Licensed To Steal (Artist As Collector)

I’ve been thinking about what I should write for today pretty much all of my waking hours this past week.

Sometimes I chew on a theory for months (anticipating the date to share it with you), other times the theory appears in a flash of light. And sometimes theories just work themselves out naturally in the moment and I kind of surprise myself with the results.

It’s a similar experience that many artists have when they create work. Nothing happens perfectly, but relying on moments of inspiration is incredibly draining and risky in terms of output. That is why it is so incredibly important to set up a routine and a space that works for the individual, so that bursts of creativity can happen naturally and “seemingly” spontaneously and the disciplined efforts can cover of those moments of creative silence.

It really is amazing that our unconscious minds are working in our favour though when you stop to think about it.

We organize information, experience, and our interests to produce something special, and if we do it correctly, we create a work of art which looks and feels unique, whatever the source of inspiration.

The reason why I’ve been thinking about this process today is because I have this theory that all good artists steal ideas (not an original idea either), but the best ones steal from everyone and everything in their lives. They do this because of an honest appreciation for life and an attachment for what already exists in the world.

To put it simply, every artist is a collector. On the surface it could appear that they store objects, but the reality is that they have enduring love for the object(s) which house much more than the literal contents we observe in passing.

This TED Talk by Austin Kleon details the point quite well.

Nothing is original. All art, from the bad to the great, references what came before it.

So why do critics sometimes comment as if we should operate in a vacuum? I’m not entirely sure. I think it is likely that nuanced truths are harder to swallow than obvious ones, if I am being perfectly honest. Which can be a full blown topic for another Stimulating Sunday.

But that is not what today is about.

Today is about the theory of artist as collector. And the inspiration for today’s post is from a very talented artist who I am sure you have heard of at one point or another, whether you like their work or not.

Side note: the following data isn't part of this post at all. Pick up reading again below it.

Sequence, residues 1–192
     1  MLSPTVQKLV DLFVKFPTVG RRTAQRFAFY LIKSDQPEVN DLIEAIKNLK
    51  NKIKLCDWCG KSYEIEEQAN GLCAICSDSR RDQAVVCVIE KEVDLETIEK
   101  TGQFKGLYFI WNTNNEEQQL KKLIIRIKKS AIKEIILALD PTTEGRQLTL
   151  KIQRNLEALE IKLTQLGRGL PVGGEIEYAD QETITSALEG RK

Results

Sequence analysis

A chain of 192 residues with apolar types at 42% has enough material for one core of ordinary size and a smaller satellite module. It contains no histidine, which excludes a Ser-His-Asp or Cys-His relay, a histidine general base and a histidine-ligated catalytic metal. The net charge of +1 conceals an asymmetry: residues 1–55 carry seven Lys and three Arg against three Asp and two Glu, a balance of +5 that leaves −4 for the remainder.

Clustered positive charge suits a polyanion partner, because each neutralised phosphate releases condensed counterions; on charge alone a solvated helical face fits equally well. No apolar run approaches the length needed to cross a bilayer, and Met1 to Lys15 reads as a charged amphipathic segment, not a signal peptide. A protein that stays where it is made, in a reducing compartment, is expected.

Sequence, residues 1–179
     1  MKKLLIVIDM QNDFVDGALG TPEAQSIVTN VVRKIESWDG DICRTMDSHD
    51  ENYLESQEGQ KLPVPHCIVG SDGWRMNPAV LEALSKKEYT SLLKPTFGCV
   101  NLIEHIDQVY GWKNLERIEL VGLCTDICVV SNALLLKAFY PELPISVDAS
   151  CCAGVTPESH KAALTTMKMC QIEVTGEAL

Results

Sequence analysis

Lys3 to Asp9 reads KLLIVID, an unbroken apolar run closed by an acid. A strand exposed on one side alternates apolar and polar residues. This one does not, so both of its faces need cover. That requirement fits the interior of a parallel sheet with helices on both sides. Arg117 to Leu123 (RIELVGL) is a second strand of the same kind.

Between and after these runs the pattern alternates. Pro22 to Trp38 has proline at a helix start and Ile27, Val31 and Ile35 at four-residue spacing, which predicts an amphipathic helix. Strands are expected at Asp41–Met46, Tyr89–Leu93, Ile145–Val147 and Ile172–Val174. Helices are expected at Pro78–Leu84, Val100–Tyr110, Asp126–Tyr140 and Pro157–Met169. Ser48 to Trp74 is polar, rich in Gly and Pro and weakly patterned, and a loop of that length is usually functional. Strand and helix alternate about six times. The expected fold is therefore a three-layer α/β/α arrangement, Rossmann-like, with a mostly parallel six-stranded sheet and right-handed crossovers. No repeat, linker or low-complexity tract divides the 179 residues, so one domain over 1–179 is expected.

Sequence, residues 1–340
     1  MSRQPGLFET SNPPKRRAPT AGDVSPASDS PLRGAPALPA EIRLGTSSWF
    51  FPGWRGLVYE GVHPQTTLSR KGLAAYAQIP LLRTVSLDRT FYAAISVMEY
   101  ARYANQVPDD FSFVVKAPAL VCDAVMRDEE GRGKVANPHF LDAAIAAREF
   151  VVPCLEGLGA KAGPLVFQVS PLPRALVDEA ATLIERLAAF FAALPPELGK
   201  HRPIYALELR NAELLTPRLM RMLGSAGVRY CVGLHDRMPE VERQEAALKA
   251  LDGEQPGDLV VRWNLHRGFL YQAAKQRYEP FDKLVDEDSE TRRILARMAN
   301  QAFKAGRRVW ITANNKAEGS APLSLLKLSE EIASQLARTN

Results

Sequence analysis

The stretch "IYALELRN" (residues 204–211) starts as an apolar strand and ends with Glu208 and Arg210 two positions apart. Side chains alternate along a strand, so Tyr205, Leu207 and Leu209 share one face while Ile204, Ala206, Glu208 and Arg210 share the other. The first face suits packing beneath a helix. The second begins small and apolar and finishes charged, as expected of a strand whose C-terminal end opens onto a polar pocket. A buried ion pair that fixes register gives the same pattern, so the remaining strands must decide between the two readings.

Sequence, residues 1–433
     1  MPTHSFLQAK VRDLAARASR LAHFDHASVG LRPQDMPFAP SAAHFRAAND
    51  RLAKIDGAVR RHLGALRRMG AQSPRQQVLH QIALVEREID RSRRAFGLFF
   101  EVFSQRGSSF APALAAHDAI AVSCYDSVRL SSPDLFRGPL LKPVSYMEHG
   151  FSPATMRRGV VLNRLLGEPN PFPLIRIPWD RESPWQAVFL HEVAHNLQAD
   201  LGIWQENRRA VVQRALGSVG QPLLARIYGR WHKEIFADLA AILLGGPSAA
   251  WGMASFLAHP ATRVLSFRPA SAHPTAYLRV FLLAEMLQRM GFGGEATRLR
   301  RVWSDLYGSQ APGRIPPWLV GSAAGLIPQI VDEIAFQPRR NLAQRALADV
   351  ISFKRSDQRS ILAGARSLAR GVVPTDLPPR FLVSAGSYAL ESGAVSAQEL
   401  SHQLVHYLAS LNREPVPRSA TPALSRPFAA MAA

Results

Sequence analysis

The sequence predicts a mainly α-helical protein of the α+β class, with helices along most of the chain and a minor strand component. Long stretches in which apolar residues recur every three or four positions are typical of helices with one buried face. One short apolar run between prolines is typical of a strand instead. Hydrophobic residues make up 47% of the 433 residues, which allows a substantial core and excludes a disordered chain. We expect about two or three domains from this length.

Here is a sample of my favourite song from the record.

Walking through a crowd
The village is aglow
Kaleidoscope of loud heartbeats
Under coats
Everybody here wanted something more
Searching for a sound we hadn’t heard before
And it said

Welcome to New York
It’s been waiting for you
Welcome to New York
Welcome to New York
Welcome to New York
It’s been waiting for you
Welcome to New York
Welcome to New York

It’s a new soundtrack I could dance to this beat, beat
Forevermore
The lights are so bright
But they never blind me, me
Welcome to New York
It’s been waiting for you
Welcome to New York
Welcome to New York

I’ve highlighted particular lines because I think they are especially relevant for the topic at hand.

This song is from the album 1989 by Taylor Swift. Yes, that’s right.

But that’s not what I was listening to on the drive home to Edmonton from my girlfriend’s parents home in Lacombe today. I was listening to Ryan Adam’s cover album, also titled 1989, with the exact same number of tracks, with almost identical lyrics, in the same song order.

Let’s break this thing down for a minute.

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Taylor Swift, who is incredibly talented, let Ryan Adams, who is also incredibly talented, “steal” her work and create his own version of it.

In fact, she gave her instant approval, when he asked. She is a genius.

If you think about it for a second, there have been reviews claiming he did a better version of her work, and that he made it more meaningful.

I call bullshit on that. But not for the reasons that lots of people are.

He was a vehicle that proved how powerful her lyrics really are to everyone, whether people choose to see it or not, is a completely different matter.

This is especially important to note for those who don’t listen to her music and pass if off for cookie cutter pop. Taylor Swift is an incredibly talented songwriter. Period.

And, she gracefully pointed that out with her title track, without being a jerk about it.  Let me illustrate – while we might all be “searching for a sound we hadn’t heard before,” 99% of the time, the sound already exists. It’s because someone loved it, and made art about it, that we can appreciate it the new art. 1989 by Ryan Adams is a great album, but it wouldn’t exist without 1989 by Taylor Swift, and Taylor’s is definitely the better album because she made something “original” without making it obvious what she “stole” from to get inspiration.

And she understands that sharing is caring.

My girlfriend, who is a super fan of Taylor Swift, realized this brilliance of TSwift years ago, I’m finally starting to see it myself. I hope that other creative types make that leap sooner than later, and I also hope that everything I just stole from makes this post worthwhile. And that’s all of the theories I’ve got for tonight.

What do you think? Leave comments!

Tim!

 

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